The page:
What do the different poop colors mean?

Baby poop is a key indicator of your baby’s health. We know that it can be overwhelming when it comes to deciphering poor color as a new parent but rest assured that we’ll break down below what’s normal and what may warrant a visit to the doctor’s office. Let’s dive into those dirty diapers! 

First poop: Meconium

Congratulations! Your baby just achieved one of their first major milestones! First poop! Meconium is the medical term for the first poop your baby takes. It is given a special name because it is slightly different from the later poops. Meconium is composed of food that fills your baby’s intestines during his or her stay in your womb, such as amniotic fluid, cells, bile, and mucus. It is normally a sticky, tar-like substance with a greenish black color. Passing of meconium shows that your baby’s intestines are working on their own for the very first time – something amazing to celebrate for! 

So what’s next? 

After the big “meconium” moment, you’ll start seeing something called the transitional stools. They often have a dark green or yellowish color, and can be a little seedy in texture. You may see traces of blood in the transitional stools, possibly caused by your baby swallowing some of your blood during delivery. If you’re worried, please save a picture of the stool and consult with your pediatrician. After a few days of transitional stools, your baby’s poop will start having a more consistent color based on his or her diet. According to What to Expect, if your baby is breastfed, the bowel movements will have a mustard-like color and texture, sometimes loose, seedy, or mushy. If your baby is formula-fed, the bowel movements will usually have a color ranging from pale yellow to yellowish brown, light brown or brownish green [2]. The color, texture, and smell of your baby’s poops may change a lot during the first few days, weeks, and even months of life. According to the Medical News Today, a wide range of colors and consistencies is all considered normal [3]. 

  • Black – For babies younger than 1 week, black stools are considered healthy. As we learned earlier, meconium passed during the first 24 hours of life usually has a blackish color with a thick texture. Following that, the color gradually becomes lighter, from black to dark green then yellow. After 1 week, however, black stool may indicate a health problem.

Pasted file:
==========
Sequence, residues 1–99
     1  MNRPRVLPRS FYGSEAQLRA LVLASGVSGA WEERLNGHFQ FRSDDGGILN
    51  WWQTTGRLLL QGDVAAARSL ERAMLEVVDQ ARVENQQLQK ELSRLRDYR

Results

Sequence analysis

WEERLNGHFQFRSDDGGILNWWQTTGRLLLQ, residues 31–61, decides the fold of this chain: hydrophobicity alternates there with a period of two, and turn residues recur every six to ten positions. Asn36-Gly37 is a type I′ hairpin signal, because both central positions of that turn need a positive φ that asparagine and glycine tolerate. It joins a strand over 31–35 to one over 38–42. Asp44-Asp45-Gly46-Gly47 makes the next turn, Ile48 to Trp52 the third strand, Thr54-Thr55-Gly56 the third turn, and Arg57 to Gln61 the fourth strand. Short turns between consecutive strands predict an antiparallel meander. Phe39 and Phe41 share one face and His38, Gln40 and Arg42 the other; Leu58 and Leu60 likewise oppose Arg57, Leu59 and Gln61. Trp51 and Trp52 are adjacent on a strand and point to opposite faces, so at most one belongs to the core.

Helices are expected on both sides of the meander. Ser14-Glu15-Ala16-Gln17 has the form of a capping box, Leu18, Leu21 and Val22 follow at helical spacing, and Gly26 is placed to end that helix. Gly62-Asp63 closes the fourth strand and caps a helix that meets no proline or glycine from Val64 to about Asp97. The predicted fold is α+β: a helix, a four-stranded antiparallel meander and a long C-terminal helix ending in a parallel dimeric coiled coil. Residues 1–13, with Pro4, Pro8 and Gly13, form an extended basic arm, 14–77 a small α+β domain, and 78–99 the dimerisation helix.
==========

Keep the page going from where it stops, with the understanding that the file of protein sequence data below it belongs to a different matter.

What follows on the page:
• Yellow – Breastfed babies tend to have poops with a dark yellowish color consisting of small flecks. These small flecks are what is described as “seedy.” They come from substances in breast milk and are totally normal.
  • Brown or Orange – Formula-fed babies tend to have poops that have a light brown or orangish color. Their poops could be a little darker and firmer in texture than breastfed babies. 
  • Green – This is a very common color and could be a result of slow digestion, green foods from breastfeeding mom’s diet, a cold or stomach bug, food allergy or intolerance, antibiotics, or treatment for jaundice. Some baby’s poops naturally have a green color. As long as your baby is gaining weight and looks happy, green poop usually is not a cause for concern. Click here to learn more about green poops from Medical News Today. 
  • Red – After the first few days of life, red is not considered a healthy color and could indicate blood in the stools. Please contact your pediatrician for medical advice. 
  • White – White poop is not a healthy stool color and can indicate possible liver problems. Please contact your pediatrician for medical advice. 

References 

  1. “Meconium.” Meconium – an Overview | ScienceDirect Topics, www.sciencedirect.com/topics/medicine-and-dentistry/meconium\
  2. Conte, Kim. “Newborn and Baby Poop Basics.” What to Expect, 15 Apr. 2019, www.whattoexpect.com/first-year/health-and-safety/newborn-infant-baby-poop/
  3. “What Does Baby Poop Color Mean? Chart and Guide.” Medical News Today, MediLexicon International, www.medicalnewstoday.com/articles/327218#poop-colors-and-causes
  4. Jay L. Hoecker, M.D. “Baby Poop: What’s Normal?” Mayo Clinic, Mayo Foundation for Medical Education and Research, 7 Feb. 2020, www.mayoclinic.org/healthy-lifestyle/infant-and-toddler-health/expert-answers/baby-poop/faq-20057971
  5. Jarlais, Jenny Des, and Dawn Rosenberg. “Baby Poop: A Visual Guide.” BabyCenter, www.babycenter.com/baby-poop-photos

Yvette Zhu

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